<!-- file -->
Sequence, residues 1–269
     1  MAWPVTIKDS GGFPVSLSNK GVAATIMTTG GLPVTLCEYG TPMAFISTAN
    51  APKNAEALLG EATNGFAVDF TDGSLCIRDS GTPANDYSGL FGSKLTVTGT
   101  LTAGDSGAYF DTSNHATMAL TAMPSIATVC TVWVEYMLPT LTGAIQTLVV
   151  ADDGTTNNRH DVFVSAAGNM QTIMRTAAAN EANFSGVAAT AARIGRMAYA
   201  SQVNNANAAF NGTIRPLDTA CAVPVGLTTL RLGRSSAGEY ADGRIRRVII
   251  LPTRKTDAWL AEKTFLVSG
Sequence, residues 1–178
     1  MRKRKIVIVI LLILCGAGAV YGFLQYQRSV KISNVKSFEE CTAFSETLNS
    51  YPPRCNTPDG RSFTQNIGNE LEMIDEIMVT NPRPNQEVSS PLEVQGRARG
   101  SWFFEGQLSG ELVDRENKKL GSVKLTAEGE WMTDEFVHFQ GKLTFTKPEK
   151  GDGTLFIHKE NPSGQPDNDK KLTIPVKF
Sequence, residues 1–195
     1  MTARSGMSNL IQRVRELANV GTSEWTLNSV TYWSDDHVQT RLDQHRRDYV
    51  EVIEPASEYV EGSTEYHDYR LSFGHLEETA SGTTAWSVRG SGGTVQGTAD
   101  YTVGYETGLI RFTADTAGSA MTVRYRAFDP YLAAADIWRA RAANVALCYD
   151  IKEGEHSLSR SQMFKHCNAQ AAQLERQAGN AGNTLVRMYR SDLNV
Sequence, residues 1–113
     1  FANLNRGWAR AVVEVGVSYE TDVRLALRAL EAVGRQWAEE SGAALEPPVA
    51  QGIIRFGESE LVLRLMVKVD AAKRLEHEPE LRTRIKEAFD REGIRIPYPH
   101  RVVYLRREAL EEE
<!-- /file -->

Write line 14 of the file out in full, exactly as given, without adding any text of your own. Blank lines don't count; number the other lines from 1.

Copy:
     1  MTARSGMSNL IQRVRELANV GTSEWTLNSV TYWSDDHVQT RLDQHRRDYV